He's correct in that the company that initiates the contract has it tailored to their own benefit. (Sometimes a company will have a mutually beneficial contract.) As a result, the recipient of the contract is obligated to read it and has the option to rebut it. That's contract negotiation. If he wanted to pursue the opportunity, rather than compose a long reply to the organization about what he didn't like, he could have marked up the contract to his (or his lawyer's) satisfaction and sent it back. Thus begins the back-and-forth.

That contract was not salvageable, almost everything in it was bad.

Agreed, and crossing out almost everything or simply saying that the contract is unacceptable is sufficient, rather than long explanations about each point. If a company really is interested in doing a deal, then after failing to get you to go for the ridiculous version of the contract, they'll pull out the mutually beneficial version or have one drafted.

Of course, I'd think twice about doing a deal with such a company. My point is that his experience is not unusual.
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Offline Brumby

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Re: Paid Blog Offers
« Reply #34 on: October 13, 2016, 02:54:53 am »
I think Louis has provided an invaluable service with this video.

There are a lot of people out there who are good at doing a particular job, but really lacking in business skills.  This is a heads up for people who might be star-struck at the idea of getting paid for something they are already doing - and not realise they need to critically examine things like a contract... especially when they have had no formal input into its draughting.  In such a situation, they should expect the contract to be heavily weighted in favour of those who had it put together and to then identify and address the concerns.

Certainly, there are boilerplate documents out there - but when one is presented to a particular person, then it does become personal.  The issues about which Louis gets 'animated' are prime examples of the sort of thing ANY potential signatory to a contract should have a very great concern.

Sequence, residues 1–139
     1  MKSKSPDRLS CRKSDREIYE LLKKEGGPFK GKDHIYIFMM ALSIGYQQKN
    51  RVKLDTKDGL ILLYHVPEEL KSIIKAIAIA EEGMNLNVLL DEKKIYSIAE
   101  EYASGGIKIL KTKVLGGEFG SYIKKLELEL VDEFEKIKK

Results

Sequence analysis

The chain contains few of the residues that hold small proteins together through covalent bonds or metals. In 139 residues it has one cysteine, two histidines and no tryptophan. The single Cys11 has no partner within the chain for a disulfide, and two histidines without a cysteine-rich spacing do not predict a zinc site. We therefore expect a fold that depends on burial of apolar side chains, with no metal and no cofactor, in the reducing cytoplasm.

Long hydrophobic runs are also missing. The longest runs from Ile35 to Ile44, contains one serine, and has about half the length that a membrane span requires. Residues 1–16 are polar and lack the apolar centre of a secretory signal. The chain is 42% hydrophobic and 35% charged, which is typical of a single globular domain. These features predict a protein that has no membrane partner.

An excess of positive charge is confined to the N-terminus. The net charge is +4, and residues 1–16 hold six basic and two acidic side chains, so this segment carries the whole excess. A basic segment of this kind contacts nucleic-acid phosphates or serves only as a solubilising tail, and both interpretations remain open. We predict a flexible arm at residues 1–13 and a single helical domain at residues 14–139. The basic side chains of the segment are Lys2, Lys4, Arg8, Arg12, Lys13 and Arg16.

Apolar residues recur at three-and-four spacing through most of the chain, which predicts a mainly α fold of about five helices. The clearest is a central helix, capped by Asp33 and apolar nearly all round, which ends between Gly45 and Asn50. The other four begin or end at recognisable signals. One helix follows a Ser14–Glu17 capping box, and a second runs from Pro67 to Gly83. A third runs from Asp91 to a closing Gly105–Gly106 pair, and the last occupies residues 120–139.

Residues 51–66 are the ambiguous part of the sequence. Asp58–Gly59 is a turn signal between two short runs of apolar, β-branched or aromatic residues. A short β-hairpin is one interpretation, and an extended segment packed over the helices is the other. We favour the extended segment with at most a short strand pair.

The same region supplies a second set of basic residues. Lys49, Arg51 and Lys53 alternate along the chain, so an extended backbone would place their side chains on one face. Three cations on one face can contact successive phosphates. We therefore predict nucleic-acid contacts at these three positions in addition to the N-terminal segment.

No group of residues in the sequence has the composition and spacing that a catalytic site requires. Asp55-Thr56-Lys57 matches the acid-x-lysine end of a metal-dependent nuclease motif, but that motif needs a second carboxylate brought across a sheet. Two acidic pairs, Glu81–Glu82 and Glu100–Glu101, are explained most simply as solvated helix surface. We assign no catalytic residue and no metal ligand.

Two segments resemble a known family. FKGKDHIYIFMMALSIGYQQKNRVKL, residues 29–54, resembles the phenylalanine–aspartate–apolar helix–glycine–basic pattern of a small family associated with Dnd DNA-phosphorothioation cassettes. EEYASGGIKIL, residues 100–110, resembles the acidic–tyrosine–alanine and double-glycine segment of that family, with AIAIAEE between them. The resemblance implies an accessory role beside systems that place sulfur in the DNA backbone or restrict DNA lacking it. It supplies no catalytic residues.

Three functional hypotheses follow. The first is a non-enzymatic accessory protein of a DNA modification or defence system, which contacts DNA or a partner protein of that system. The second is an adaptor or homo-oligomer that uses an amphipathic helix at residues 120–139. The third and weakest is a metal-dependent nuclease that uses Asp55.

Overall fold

« Last Edit: October 13, 2016, 02:57:42 am by Brumby »
 

Offline EEVblog

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Re: Paid Blog Offers
« Reply #35 on: October 13, 2016, 04:27:48 am »
The side that authors the contract sets the tone and controls the negotiation process. It's like fixing a bad design, there is a limit how much you can change.
Most contract proposals of businesses that want to make a deal and that have competition are balanced.

Not in the entertainment business.
Their opinion is either you sign it or you can bugger off. There is little to no negotiation for Joe Bloggs.
If you don't want to sign the contract for Idol / X-factor / insert reality show here then there are 100 other people who will.
Also, they have no problem with canning a show idea, that happens more often than not.

I was approached once to co-host a kinda science based reality show (Derrick from Veritasium was he other host they approached), but it was some crap about science pranks or some such, terrible idea. But it was a huge name with National in the title who had contracted this production company to find people and develop the idea etc. It last a few emails before the whole thing flopped, money down the drain, but that's the business.
 

Offline EEVblog

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Re: Paid Blog Offers
« Reply #36 on: October 13, 2016, 04:30:24 am »
Agreed, and crossing out almost everything or simply saying that the contract is unacceptable is sufficient, rather than long explanations about each point. If a company really is interested in doing a deal, then after failing to get you to go for the ridiculous version of the contract, they'll pull out the mutually beneficial version or have one drafted.